Frederick Douglass (sculpture)

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Frederick Douglass
Frederick Douglass Statue.jpg
ArtistAndrew Edwards
Year2015
TypeBronze
LocationUniversity of Maryland, College Park, Maryland, United States
OwnerUniversity of Maryland

Frederick Douglass is a public artwork in front of the Hornbake Library at the University of Maryland in College Park, Maryland. The statue memorializes African American abolitionist, suffragist, and labor leader, Frederick Douglass.[1]

Unveiled in 2015, the statue was designed by sculptor Andrew Edwards, who was inspired by artwork representing then American president Barack Obama and Moses.[2] The statue portrays Douglass in the middle of a speech, with one arm outstretched, and a copy of his autobiography under the other arm. The square surrounding the statue features stone pavers and a vertical Corten steel wall with Douglass' words inscribed on them.[1] The cast bronze statue was designed in Ireland and cast in Wales. It stands on a 3-foot-tall base and weighs nearly half a ton.[2] Kenneth B. Morris, Jr., Douglass' great-great-great grandson, said that "I love that the statue shows him in his fiery abolitionist years."[3]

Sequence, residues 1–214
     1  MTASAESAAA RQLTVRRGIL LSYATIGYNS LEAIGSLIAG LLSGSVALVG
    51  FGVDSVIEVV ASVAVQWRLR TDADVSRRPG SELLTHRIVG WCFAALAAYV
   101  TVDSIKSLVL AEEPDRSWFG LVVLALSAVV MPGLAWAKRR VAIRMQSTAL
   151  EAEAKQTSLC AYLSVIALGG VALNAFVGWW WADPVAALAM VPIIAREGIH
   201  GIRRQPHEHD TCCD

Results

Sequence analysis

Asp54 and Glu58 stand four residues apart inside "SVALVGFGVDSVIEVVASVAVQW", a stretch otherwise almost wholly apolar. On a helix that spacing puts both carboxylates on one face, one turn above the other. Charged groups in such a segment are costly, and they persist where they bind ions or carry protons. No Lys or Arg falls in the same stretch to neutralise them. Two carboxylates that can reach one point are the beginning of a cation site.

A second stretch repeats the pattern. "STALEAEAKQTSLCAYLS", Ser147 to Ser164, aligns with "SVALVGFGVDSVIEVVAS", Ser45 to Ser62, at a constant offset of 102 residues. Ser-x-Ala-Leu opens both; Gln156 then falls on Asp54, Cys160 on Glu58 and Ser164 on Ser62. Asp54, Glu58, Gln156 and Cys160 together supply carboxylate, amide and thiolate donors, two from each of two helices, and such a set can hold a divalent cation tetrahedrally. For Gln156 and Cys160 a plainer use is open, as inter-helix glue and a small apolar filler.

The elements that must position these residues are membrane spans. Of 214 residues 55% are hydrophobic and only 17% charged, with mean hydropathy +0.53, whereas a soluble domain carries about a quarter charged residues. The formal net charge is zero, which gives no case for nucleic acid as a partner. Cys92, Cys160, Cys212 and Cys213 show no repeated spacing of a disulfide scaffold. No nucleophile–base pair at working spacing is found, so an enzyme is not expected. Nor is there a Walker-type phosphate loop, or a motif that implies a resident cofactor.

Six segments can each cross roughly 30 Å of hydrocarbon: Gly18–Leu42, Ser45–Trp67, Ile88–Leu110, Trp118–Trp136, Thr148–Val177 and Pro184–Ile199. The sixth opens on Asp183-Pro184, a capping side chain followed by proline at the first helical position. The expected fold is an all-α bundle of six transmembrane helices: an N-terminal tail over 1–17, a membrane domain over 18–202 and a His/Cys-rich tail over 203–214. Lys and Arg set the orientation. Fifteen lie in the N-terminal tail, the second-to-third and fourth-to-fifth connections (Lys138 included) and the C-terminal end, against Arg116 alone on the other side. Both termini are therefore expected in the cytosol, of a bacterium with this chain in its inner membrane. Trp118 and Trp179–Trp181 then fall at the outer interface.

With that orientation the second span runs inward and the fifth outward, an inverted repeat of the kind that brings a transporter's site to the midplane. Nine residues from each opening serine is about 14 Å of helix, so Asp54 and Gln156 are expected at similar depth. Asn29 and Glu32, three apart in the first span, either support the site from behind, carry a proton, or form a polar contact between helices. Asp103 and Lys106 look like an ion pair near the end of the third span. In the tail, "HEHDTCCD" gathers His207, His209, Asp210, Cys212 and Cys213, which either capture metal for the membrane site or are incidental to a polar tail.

The statue was the result of years of efforts on the part of campus leaders to honor this important Marylander and to reaffirm commitment to social justice. University of Maryland professor of history Ira Berlin was part of a group of campus leaders who called themselves the North Stars, after the abolitionist newspaper Douglass edited. According to Berlin, "The vision of myself and the North Stars was to have Frederick Douglass on campus to speak to the question of social justice."[1] Efforts to raise the more than half a million dollars for the square and the statue began in 2011. The statue itself cost $200,000.[3]

References[edit]

  1. ^ a b c Hunter, Jonathan (November 13, 2015). "Univ. of Md. to Dedicate Monument in Frederick Douglass Square". Afro American. Retrieved March 10, 2018.
  2. ^ a b "UMD unveils Frederick Douglass statue on Hornbake Plaza". The Diamondback. Retrieved 2018-03-10.
  3. ^ a b "D.C.-area monuments honor the Irish and others with ties to Emerald Isle". Washington Post. 2016-03-10. ISSN 0190-8286. Retrieved 2018-03-10.